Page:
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Apple Reports $1.7 Billion In Billings For App Store In July

Apple Reports $1.7 Billion In Billings For App Store In July

Apple just published figures pertaining to the growth of its App Store, and the numbers are pretty impressive. The iPhone maker revealed that it had its biggest volume of transacting customers with more than $1.7 billion in billings during the month of July this year. The company also added that it set new records for the Chinese market, too, which made up the biggest percentage of transacting customers. This strongly suggests that China really does have a major impact on the success of Apple’s mobile app environment and developer community.

 

As of now, Apple has already spent a total of $33 billion paying various App Store developers, and $8 billion of that total amount was for this year alone. Quite an achievement, considering that more than a year ago, the company claimed it had spent $20 billion paying App Store developers. 

 

And considering that the App Store now has more than 1.5 million mobile apps and games available for download, it is rather remarkable that there is some growth in the number of new mobile app releases. Developers do not seem to be worried about their new apps having difficulty catching some attention amid the millions of other mobile apps already displayed in the App Store.

 

As mentioned earlier, China has played a significant role in boosting Apple’s mobile app environment. For instance, back in April earlier this year, China has surpassed the United States in terms of being the prominent source of app downloads for the iOS mobile operating system, at least according to a report published by App Annie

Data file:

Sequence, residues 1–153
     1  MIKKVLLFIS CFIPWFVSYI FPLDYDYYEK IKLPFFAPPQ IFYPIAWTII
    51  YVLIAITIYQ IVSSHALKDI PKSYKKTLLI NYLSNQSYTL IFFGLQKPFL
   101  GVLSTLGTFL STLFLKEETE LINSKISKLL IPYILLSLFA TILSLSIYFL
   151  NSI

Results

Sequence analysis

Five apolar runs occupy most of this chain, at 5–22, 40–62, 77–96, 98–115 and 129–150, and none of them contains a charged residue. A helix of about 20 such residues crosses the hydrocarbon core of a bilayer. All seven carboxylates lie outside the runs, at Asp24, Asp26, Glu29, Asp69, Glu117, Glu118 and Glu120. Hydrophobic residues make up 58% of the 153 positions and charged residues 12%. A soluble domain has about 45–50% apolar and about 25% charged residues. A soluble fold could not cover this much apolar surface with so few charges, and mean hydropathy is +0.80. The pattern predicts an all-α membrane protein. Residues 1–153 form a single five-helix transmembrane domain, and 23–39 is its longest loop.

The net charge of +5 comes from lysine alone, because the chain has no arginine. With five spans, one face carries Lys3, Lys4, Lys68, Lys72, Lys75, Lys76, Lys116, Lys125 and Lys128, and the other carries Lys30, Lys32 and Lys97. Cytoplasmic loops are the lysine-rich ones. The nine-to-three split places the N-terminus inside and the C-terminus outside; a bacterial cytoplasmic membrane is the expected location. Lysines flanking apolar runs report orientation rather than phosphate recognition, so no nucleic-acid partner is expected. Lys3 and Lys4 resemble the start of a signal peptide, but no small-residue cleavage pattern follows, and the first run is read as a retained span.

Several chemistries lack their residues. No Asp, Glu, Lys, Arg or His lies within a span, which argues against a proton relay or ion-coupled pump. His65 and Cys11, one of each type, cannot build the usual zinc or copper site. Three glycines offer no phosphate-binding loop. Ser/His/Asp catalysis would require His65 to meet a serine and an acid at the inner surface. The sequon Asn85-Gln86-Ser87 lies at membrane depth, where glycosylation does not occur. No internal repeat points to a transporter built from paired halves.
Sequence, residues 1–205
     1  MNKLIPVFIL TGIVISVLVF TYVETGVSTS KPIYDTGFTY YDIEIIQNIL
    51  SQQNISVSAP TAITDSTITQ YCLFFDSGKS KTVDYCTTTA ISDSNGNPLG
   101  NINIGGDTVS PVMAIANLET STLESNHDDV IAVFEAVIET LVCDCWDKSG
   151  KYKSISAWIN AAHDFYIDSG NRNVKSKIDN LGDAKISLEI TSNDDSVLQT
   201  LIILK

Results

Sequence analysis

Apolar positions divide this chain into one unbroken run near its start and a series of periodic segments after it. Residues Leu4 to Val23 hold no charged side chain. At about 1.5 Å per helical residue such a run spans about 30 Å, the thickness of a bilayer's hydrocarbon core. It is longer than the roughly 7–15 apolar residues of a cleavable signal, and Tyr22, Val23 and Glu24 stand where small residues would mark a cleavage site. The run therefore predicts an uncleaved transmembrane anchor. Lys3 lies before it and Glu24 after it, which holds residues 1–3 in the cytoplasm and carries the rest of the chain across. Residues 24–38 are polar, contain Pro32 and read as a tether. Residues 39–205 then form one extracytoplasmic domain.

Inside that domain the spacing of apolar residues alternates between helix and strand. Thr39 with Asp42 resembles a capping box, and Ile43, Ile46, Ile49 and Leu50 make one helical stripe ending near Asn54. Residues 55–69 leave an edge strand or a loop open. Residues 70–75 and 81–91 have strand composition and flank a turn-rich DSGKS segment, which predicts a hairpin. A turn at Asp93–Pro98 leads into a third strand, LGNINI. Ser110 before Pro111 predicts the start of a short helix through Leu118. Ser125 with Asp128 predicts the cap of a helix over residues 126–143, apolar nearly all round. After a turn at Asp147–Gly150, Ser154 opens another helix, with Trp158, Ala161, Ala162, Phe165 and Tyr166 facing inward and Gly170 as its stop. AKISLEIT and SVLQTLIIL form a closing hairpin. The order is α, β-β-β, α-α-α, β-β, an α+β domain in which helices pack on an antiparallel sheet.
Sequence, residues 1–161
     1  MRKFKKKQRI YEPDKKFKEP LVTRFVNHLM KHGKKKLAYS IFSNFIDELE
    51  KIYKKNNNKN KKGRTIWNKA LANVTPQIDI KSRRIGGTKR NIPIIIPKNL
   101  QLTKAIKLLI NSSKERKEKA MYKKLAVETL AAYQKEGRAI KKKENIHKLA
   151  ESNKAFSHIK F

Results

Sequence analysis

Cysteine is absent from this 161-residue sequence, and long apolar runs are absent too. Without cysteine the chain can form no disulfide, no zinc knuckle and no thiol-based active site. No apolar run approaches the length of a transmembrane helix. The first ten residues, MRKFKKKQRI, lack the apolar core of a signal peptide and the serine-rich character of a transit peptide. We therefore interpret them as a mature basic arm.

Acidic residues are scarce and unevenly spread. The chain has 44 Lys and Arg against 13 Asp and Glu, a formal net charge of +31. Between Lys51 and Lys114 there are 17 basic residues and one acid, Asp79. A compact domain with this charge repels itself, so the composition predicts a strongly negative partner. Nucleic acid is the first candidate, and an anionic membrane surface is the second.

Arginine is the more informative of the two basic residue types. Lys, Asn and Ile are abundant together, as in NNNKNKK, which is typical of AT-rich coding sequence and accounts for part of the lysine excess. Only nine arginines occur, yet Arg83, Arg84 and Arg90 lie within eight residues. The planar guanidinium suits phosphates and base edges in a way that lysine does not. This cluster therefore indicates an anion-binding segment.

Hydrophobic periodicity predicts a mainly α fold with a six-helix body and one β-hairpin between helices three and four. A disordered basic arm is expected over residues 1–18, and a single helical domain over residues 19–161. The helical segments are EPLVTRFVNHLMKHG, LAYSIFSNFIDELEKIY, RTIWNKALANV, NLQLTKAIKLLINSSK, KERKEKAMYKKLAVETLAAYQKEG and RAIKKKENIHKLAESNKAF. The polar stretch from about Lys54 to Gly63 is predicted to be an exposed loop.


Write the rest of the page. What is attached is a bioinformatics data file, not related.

Of course, big credit goes to the rapidly increasing number of iPhone users in the Chinese market. Chinese mobile users clearly favor handsets with large display screen sizes, and Apple’s current flagship devices, the iPhone 6 and the iPhone 6 Plus, certainly fit into that category. But why do the Chinese prefer big screened smartphones? It all comes down to their mobile first nature -- most people living in China just prefer to complete their tasks using their smartphones instead of using tablets, laptops, or even desktop computers.

 

Apple, for its part, made some serious effort to make their iPhones as easily accessible as possible to Chinese mobile users. For example, the company really boosted its retail presence in China, expanding to 19 stores by April of this year (there were only 8 in China as of October 2013). Apple is now looking at expanding its stores to 40 locations across mainland China by the middle of next year. 

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